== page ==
Articles from Focus Magazine

Bobbye and Joel Combs put out the Focus Magazine every Winter, Spring, Summer and Fall. It covers all things Pampa, Texas related. It is really a loving tribute to the people of Pampa and I an honored to be a small part of it. They have been kind enough to let us submit articles pertaining to our endeavors at The Woody Guthrie Folk Music Center. I have decided to post a few of them here as they pretty well report on the status of the ‘Center’ and give a snapshot of what we were up to at the time. Thanks Bobbey and Joel for all you do!

Winter 2016

As 2016 comes to a close we are thankful for the year we have had at The Woody Guthrie Folk Music Center (WGFMC). October marked our 24th Annual Tribute to Woody Guthrie and we did it up in grand style. America’s greatest cowboy singer and yodeler, Don Edwards joined us for a spectacular evening of sharing stories and songs with us that I will never forget. We had a great turnout from around our area that helped to make it so special. Many thanks to our sponsors and volunteers and the folks of Pampa that helped us spread the word and cover the expenses.
Don’s tradition of keeping that genre of music alive fits right in with our mission. Common music for the common man, the stories of the cowboys, the stories of our country. One man and a guitar evokes the image of the lone troubadour entertaining his companions, quieting the cattle, telling stories handed down from one to another, generation after generation. The very essence of folk music. Let us hope the tradition continues. Let us encourage the new troubadours of tomorrow to carry that torch brightly into the future and carry that cowboy code of conduct that Don exhibits so modestly. What a gentleman, Don took time with everyone who stopped him to take a photo, listen to a story, share a memory with patience and humility. My favorite part of his time with us was at our ‘Center’ on S. Cuyler when he visited with everyone there. He listened to some of our music, played us a few songs, but mostly he was just one of us for awhile. The great entertainer does not just share his gift with his audience, he shares himself. That is what Don did with us so generously. Thank you, Don.

On the heels of that well attended and highly successful show we had another treat in store for us the following week. Let me introduce to you, Chad Elliott, with a direct quote from his press release.
“Like the dark earth of his Iowa origins, Chad Elliott’s life has served as fertile ground for music. Elliott has turned love, loss, fatherhood, divorce and homelessness into lyrics. He performs more than 200 shows each year, has cultivated more than 1,000 songs and released his 20th album in October of 2015. In this latest album, “Wreck and Ruin”, Elliott dives into his love of roots-rock, soul and blues music with a rocking band behind his artfully crafted songs. Producer and drummer, Ken Coomer (Wilco, Uncle Tupelo) lined up the best rhythm and lead players in Nashville to create Elliott’s greatest album to date. Guitarist and bassist Kenny Vaughan and Dave Roe, legendary Nashville players, add the needed touches to rocket Elliott’s songs into a new arena of hard driving Americana.”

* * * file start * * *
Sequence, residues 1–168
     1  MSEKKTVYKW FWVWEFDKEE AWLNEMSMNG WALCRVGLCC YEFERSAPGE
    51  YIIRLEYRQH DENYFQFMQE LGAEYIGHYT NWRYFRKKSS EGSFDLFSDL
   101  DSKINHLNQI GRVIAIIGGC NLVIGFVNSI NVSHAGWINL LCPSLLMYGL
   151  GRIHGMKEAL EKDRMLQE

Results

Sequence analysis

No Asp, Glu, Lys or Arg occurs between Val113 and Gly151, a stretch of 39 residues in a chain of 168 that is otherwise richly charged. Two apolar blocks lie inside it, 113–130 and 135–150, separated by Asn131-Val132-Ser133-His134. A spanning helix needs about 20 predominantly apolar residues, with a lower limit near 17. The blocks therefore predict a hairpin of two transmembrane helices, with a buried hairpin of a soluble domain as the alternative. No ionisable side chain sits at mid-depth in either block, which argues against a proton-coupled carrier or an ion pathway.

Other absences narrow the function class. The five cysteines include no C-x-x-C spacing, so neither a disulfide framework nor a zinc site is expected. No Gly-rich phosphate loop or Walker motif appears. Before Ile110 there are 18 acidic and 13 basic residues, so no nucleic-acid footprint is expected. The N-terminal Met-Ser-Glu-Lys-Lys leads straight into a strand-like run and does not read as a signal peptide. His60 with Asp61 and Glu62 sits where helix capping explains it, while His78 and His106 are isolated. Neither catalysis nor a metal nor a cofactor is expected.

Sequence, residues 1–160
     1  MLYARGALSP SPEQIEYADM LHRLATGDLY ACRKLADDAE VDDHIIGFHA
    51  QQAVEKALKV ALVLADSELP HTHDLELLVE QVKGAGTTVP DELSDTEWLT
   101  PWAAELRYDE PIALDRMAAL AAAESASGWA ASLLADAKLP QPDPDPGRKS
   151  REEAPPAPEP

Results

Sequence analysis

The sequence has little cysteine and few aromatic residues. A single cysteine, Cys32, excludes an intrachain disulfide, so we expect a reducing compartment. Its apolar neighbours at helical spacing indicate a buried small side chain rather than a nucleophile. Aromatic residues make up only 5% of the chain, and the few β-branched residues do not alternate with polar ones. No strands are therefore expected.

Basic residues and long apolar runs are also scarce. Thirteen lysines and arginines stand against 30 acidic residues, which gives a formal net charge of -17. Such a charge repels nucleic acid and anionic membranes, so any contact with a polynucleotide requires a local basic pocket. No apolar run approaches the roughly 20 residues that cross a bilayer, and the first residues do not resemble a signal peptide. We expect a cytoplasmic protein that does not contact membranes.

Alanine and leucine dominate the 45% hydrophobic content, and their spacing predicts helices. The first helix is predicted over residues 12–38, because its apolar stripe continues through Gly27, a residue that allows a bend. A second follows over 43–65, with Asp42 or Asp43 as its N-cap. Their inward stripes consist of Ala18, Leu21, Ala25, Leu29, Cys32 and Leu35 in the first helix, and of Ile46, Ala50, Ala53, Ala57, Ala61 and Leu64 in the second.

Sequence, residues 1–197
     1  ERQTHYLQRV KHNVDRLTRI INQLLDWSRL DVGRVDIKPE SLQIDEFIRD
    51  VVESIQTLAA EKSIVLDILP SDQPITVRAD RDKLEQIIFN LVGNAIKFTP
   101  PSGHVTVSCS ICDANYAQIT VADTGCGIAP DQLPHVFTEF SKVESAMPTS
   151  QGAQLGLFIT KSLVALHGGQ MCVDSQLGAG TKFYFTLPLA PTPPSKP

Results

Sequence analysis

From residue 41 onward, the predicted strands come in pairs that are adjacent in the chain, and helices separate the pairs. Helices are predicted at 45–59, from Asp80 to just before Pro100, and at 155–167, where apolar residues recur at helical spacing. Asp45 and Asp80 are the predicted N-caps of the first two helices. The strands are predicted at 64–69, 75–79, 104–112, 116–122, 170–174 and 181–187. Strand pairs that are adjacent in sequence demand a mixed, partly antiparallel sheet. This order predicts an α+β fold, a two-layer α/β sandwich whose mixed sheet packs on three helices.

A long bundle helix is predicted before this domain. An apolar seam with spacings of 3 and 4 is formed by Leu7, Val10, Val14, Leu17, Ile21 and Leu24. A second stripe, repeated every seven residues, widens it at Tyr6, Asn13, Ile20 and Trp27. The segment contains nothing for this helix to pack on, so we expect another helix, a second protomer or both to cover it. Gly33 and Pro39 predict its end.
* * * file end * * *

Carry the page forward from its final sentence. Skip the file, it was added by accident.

Chad visited our place last February while on tour with Tommy Lewis, another accomplished singer/songwriter. As we don’t have the funding to be open full time, we come when called to show our place. I am always happy to get these calls because I get to meet amazing people like Chad and Tommy and Shaun Kober who was doing videography for them on that tour. Chad picked up an old guitar that was hanging on the wall and Tommy found my old resonator guitar sitting there and I heard the magic start. They played a song, ‘Same Old Way’ which had won Chad the songwriting contest at the 2009 WoodyFest in Okemah, Oklahoma. I knew our folks would want to hear more of this, and we talked about the possibility of a show sometime. October 27th, we were able to make that happen with a full house and full heart. That is the way I like to see our place, full of people and full of music. A living legacy to Woody and songsters and songwriters. Just the kind of guys to carry on the tradition. Thanks guys for your hard work and dedication to the craft.

Just like Tommy and Chad you can call or send an email anytime for a tour of The Woody Guthrie Folk Music Center. We will be glad to come and show the place. We recently received some new exhibits from Nora Guthrie, Woody’s daughter in New York. They really perked the place up and give a thorough view of Woody’s time in Pampa. Our heartfelt thanks to Nora and her daughter, Ana Canoni for supporting our efforts here.

We still have our Friday Night Music from about 6:30 until 9:00. Anyone is welcome to sit in and play and sing. Our Woody Guthrie House Band is available for local events and bookings. Contact: Michael Sinks, michaelsinks@hotmail.com or 806 664 0824 or see our website at woodyguthriepampatx.com for upcoming events and Woody’s Story.
Michael Sinks

Visiting the Woody Guthrie Center-Tulsa April 2015

If you live in Pampa, I hope you are aware of the Woody Guthrie Folk Music Center located at 320 S Cuyler, in the old Harris Drug Store. Woody lived here from 1929 until 1936 and worked for a time there. It is where he got his first guitar from Shorty Harris. You are welcome to come and visit any time and learn the whole story. It is also on our web site at woodyguthriepampatx.com. Our place is a modest legacy to ‘America’s Dust Bowl Troubadour’ and a place where local and area musicians gather on Friday evenings to play music and folks stop by to listen and visit with each other. We’ve been doing this since about 2001 at this location thanks to the efforts of Thelma Bray, Glenna Lea Miller, John Farrister and many, many others over the years. I should also mention that we are a non-profit organization and we survive with donations from different community minded groups that would like to promote tourism and Pampa in general to the area and the world. We feel privileged for the opportunity to do just that.